Jim, now that I look at it, I wouldn't want to resort to a "great minds think alike" argument. Maybe we should focus long and hard on ways of overcoming their objections. Perhaps emphasize Pollyanaism, Adaptation, and Comparison that Benatar proposed. Maybe, we can find ways to better write and speak about the underlying Deprivation of the world and the three categories that I have expounded upon? What, in your conception, is the best way to go about convincing the bulk of the America, that existence is not good, and that we should not procreate this unto a new generation. I do not think the most effective way is to just say "hey, its a gamble the child may live a good life, but they may live a bad life and regret being born". That is too easy for them to say "oh well we'll raise it right, we have good genetics, and it won't grow up in any terrible circumstance of birth". What you are admitting to when say this is that there ARE some good lives. When we both know, even the charmed lives aren't that charmed. My theory of Deprivation contributes to the idea that existence is bad for EVERYONE, including the so-called charmed life person, and that they too should not procreate the human condition unto another generation.

The Plague Doctor said...

compoverde: "What, in your conception, is the best way to go about convincing the bulk of the America, that existence is not good, and that we should not procreate this unto a new generation."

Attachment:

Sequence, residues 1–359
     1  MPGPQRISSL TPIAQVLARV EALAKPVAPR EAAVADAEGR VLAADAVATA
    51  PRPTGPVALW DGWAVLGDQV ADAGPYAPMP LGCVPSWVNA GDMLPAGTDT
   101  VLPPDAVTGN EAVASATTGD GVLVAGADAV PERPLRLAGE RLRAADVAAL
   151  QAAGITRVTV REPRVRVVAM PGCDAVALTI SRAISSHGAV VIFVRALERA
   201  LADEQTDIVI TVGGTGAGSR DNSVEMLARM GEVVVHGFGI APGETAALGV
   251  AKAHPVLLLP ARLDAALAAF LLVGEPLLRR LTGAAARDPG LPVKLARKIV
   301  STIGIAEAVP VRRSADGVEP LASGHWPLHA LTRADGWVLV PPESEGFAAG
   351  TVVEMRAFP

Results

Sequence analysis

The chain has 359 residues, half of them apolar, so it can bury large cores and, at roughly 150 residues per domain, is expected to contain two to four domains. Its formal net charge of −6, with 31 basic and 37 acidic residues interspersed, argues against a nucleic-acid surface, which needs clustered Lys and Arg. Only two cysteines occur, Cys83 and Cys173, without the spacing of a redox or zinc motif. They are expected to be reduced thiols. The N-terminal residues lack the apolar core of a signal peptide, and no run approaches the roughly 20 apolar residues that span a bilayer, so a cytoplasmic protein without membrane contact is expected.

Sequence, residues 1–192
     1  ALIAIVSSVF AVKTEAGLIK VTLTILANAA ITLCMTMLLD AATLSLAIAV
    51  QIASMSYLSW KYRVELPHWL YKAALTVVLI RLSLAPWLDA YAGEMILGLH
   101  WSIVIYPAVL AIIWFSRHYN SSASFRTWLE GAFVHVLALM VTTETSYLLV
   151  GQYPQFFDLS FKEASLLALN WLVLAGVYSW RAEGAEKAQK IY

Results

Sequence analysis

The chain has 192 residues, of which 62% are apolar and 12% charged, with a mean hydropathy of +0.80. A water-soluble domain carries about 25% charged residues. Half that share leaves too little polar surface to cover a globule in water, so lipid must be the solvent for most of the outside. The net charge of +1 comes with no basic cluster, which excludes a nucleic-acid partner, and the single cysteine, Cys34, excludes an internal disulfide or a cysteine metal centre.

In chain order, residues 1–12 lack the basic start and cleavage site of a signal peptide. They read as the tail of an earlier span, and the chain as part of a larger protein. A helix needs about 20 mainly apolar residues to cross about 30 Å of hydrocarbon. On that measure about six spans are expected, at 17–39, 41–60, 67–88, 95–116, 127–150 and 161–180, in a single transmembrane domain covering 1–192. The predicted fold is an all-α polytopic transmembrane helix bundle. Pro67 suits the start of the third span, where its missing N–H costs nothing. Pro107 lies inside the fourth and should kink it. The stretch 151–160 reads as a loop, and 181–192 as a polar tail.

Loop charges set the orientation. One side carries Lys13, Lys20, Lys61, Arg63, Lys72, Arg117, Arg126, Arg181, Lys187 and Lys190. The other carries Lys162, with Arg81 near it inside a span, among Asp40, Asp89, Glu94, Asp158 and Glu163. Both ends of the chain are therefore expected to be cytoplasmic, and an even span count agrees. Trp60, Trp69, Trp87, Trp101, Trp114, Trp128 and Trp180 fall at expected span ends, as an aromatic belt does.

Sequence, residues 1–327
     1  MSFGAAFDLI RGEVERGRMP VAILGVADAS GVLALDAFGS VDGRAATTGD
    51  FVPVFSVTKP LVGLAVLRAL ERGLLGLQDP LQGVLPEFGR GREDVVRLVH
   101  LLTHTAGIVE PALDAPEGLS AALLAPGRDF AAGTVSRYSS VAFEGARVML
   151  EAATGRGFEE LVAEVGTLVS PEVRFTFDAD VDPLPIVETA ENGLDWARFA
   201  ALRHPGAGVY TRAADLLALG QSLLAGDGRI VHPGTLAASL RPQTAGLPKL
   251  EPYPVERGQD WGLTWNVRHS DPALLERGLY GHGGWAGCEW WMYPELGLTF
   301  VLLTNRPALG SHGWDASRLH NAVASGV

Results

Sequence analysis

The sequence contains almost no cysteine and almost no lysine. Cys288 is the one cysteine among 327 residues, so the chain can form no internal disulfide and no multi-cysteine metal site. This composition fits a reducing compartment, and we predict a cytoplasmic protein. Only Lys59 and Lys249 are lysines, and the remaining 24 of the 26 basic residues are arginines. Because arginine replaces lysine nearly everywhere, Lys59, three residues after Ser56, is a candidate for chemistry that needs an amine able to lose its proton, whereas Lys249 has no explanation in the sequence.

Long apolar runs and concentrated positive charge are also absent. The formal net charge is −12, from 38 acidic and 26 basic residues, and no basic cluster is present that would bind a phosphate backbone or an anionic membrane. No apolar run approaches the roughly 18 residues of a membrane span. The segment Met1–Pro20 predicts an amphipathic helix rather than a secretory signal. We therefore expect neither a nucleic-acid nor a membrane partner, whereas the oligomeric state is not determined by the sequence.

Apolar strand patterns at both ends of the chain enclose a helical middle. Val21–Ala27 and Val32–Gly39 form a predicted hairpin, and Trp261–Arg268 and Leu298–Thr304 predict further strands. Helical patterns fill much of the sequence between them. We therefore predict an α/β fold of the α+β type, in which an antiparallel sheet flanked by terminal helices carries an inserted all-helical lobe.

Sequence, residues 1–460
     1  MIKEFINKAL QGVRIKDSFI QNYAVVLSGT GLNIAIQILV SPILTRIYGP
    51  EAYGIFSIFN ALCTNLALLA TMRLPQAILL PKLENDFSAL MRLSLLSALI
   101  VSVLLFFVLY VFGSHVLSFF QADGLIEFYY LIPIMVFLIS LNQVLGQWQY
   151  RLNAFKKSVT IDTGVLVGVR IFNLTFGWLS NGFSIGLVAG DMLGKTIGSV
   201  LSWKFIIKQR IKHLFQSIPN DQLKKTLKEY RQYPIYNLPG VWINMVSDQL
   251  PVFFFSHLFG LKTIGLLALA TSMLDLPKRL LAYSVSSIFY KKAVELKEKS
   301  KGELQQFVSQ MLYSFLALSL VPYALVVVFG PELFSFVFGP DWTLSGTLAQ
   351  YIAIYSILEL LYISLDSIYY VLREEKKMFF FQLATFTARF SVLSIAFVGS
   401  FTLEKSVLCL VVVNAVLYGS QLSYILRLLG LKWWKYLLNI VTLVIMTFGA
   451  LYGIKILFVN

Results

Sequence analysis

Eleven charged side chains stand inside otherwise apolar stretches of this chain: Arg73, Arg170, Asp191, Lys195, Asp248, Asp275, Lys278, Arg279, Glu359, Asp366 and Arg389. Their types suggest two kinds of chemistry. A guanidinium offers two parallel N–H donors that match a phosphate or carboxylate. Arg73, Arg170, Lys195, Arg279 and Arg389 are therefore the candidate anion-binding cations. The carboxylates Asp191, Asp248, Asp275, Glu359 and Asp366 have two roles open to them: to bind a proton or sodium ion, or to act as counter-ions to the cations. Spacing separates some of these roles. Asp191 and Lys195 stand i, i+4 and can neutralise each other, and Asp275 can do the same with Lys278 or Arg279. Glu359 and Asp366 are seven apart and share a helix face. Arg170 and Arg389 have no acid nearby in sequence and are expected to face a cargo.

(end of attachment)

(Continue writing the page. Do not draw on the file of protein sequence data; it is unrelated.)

Incentives. People do not respond well to logical arguments. They respond better to emotional arguments, but even better would be to change the incentive structure.

A blurb from Superstimuli and the Collapse of Western Civilization (at LessWrong):

"I leave you with a final argument from fictional evidence: Simon Funk's online novel After Life depicts (among other plot points) the planned extermination of biological Homo sapiens - not by marching robot armies, but by artificial children that are much cuter and sweeter and more fun to raise than real children. Perhaps the demographic collapse of advanced societies happens because the market supplies ever-more-tempting alternatives to having children, while the attractiveness of changing diapers remains constant over time. Where are the advertising billboards that say "BREED"? Who will pay professional image consultants to make arguing with sullen teenagers seem more alluring than a vacation in Tahiti?"

Compoverde said...

Thanks Plague Doctor, I'll check out the links. However, I'm not quite sure what you meant at the end when you said "Where are the advertising billboards that say "BREED"? Who will pay professional image consultants to make arguing with sullen teenagers seem more alluring than a vacation in Tahiti?"